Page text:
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Thursday, 24 October 2013

(Mis)Adventures in Online Dating

Against my will, my better judgement and my self-righteous protestations ('I will fall in love with the dreamy man sitting next to me on my next international flight!' and, 'I want romance!  I want to share a beautiful story about how we met!'  and, 'Hello, I meet new people all the time anyway!') I joined an online dating site this past spring.  I did it because my female roommates did.  We would sit on couches in our living room.  I would watch while they checked their profiles for messages and catalogue-shopped for men.  I felt left out.  It was peer pressure really.  And the fact that I was left at home three nights a week while they gallivanted about town on various fun dates.

Catalogue-shopping for our next date.

The site I joined was called OkCupid.  I suppose that means something to the effect of, 'Okay Cupid!  I'm ready!  Take aim now with your cyber arrows and computer clicks...'  Anyhow, my roomies helped me to sign up.  Within an hour I had heard from someone.  A man.  'Oooh!  This is so exciting!'  I squealed.  Except that...it wasn't...The very first man to reach out to me was a very kind person I already knew.  He has chased after me at our local folk festival for the past five years calling out, 'Freckles!' and asking me on dates.  I have spent the past five folk festivals studiously avoiding contact.  I expect that he is an amazing person, but I am most definitely not interested.  Clearly, I've run into online dating pitfall #1:  you make yourself very available to others.  I suppose that's the point.  But maybe you don't want to be found so easily by everyone...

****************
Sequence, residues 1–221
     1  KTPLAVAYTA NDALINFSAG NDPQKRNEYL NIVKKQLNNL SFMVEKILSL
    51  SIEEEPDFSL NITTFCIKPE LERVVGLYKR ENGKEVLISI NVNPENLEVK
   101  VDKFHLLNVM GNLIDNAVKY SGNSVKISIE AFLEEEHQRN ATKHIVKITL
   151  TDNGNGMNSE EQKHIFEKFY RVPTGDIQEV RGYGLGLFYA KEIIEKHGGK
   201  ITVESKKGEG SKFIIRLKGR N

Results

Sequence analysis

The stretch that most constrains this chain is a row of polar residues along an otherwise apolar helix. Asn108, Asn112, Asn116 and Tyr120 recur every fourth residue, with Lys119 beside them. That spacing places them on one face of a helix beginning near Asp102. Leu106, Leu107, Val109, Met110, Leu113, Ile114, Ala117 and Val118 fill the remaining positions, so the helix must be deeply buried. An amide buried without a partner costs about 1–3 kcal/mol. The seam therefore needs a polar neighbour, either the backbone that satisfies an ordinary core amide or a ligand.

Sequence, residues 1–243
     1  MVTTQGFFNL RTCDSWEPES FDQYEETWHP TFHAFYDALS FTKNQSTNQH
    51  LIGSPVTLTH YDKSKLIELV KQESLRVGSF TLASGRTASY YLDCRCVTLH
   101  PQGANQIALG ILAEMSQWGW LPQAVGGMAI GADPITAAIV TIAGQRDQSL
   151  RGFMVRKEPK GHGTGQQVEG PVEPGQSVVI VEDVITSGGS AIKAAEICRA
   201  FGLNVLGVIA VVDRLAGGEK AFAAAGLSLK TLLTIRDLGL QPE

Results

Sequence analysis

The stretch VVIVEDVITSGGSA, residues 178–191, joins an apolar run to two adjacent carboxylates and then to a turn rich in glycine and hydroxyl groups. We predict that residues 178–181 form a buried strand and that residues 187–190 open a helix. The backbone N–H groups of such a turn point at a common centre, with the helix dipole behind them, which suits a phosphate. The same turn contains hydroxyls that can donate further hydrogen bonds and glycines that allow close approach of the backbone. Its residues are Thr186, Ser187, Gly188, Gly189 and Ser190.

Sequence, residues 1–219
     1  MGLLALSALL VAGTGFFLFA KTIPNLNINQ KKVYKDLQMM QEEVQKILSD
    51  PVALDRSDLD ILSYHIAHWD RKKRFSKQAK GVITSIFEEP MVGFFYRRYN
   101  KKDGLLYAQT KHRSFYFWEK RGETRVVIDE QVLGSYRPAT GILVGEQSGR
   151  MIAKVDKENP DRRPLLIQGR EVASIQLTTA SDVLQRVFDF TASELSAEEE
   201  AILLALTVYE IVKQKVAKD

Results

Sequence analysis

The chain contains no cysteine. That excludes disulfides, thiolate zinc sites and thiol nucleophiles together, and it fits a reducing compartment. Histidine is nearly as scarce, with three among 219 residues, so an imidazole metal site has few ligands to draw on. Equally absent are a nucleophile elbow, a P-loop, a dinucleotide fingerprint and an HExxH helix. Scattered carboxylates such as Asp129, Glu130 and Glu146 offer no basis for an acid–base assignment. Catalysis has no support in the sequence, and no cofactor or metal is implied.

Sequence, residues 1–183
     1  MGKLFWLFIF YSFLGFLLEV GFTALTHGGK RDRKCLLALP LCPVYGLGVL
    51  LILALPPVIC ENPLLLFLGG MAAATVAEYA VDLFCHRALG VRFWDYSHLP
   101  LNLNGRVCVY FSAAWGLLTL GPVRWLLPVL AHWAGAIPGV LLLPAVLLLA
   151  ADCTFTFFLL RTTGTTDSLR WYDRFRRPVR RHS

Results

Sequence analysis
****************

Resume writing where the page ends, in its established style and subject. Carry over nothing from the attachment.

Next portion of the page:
I woke up early the next morning and the first thought that crossed my mind was, 'I wonder if anyone has sent me a message through OkCupid today??'  I reached for my iPad while still in bed.  And abruptly sat up.  'Uh oh...'  I realized that I was already addicted.  I had to quit before this went any further.  And so I disconnected and removed my profile before ever actually communicating with anyone or going out on a date.